From here, designing the user interface is straightforward: You simply drag a control element from the toolbox and drop it into the designer pane. The control is displayed immediately and allows property editing in the usual way. For example, I set all input fields of the BAPI to “REQUIRED” to make sure the BAPI can properly be invoked, as reflected in the Properties pane.

Step 6: Add Code
Last but not least, we do need to add some code. Although the environment is highly model-driven and uses a declarative approach, the power of this design approach stems from the fact that event logic can also be implemented using C#, or Visual Basic, if you chose that earlier. (C# has the same expressive power as Java, but certainly requires more coding skills than Visual Basic.)

By double-clicking the form in the Designer pane, you enter the code editor for the page load event, which initializes the iView. Likewise, by double-clicking a button on the screen, you can code the specific action event associated with that button (see Figure 10). In both cases, I add the code needed to the framework provided. In Figure 10, the code I added fetches the values entered by the user into the input fields, executes the BAPI, and stores the results in the table control.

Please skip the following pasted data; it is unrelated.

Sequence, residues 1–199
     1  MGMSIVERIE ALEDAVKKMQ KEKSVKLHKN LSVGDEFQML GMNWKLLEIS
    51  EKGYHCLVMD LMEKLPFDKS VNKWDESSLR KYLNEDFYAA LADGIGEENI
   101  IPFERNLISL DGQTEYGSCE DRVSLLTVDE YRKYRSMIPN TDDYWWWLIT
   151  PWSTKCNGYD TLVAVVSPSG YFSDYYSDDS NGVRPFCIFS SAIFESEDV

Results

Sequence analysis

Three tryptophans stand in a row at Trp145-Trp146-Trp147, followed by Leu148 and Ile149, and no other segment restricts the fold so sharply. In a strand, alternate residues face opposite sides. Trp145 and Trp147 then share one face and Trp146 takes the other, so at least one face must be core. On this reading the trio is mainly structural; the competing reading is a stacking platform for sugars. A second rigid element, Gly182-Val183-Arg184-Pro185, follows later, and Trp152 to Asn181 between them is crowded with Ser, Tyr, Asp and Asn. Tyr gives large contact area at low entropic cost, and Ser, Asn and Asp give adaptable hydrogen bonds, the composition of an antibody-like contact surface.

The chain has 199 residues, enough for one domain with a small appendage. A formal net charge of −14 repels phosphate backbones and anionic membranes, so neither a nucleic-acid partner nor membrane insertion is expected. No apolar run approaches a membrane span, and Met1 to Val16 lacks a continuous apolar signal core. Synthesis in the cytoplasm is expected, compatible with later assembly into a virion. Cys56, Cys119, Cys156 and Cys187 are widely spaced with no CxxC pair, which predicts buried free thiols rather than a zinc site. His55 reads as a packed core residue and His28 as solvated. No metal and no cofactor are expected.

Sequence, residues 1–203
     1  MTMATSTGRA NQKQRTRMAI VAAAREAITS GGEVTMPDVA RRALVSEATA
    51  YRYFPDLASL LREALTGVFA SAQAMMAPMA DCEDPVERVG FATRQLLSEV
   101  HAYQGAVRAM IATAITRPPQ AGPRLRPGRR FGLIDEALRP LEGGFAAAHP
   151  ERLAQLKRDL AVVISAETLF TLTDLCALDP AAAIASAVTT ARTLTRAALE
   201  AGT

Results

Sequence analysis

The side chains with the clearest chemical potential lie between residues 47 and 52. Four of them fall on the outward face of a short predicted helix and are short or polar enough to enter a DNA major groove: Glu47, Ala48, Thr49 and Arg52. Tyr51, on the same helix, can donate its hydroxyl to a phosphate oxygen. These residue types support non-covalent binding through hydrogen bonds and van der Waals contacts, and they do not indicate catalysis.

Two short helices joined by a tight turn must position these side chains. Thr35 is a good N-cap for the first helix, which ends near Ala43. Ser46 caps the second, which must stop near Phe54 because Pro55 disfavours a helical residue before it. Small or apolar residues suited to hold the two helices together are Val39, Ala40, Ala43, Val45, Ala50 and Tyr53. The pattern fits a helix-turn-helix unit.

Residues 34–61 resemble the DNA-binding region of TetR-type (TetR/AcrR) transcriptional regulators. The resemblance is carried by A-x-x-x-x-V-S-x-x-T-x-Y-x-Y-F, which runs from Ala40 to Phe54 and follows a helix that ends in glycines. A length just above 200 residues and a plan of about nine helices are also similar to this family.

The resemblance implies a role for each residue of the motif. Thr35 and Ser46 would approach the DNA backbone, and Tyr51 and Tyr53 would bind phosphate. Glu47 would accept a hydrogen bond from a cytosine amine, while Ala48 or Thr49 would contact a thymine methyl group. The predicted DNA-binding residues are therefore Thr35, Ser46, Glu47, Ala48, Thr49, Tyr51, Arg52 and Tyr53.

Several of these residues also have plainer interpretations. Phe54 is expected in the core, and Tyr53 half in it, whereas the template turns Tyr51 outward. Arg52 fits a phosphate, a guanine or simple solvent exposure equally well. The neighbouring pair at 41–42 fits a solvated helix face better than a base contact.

Figure 10
Manually Add the Final Pieces of Code Needed for the Web Form

If you deploy and run the iView, the result should look similar to Figure 11. That’s it — you’re done.

Figure 11
The Final iView Displayed in the Portal

Summary and Outlook
Now you have seen how easy it is to work in a .NET environment and create application content for SAP Enterprise Portal.

The .NET PDK already provides a rich set of controls, but experience shows that control libraries will continue to be enhanced as the Web Dynpro controls and other SAP design functions continue to grow. In upcoming updates of the .NET PDK, you will see additional controls, properties, and methods, and gain access to further services exposed by the portal.

For more information on the SAP PDK for .NET, see the SAP Developer Network ( in the Enterprise Portal download area, with downloads and installation guides to help you install and register a trial PDK with your Visual Studio installation.


Before starting your first iView development project based on .NET, make sure that the following components are properly installed:

Microsoft Visual Studio .NET 2003: You need a complete local installation of the Visual Studio on your desktop.
SAP Portal Development Kit for .NET: Download a 90-day trial version from the SAP Developer Network ( in the Enterprise Portal download area, and follow the installation guide to set up and register the PDK with your Visual Studio installation.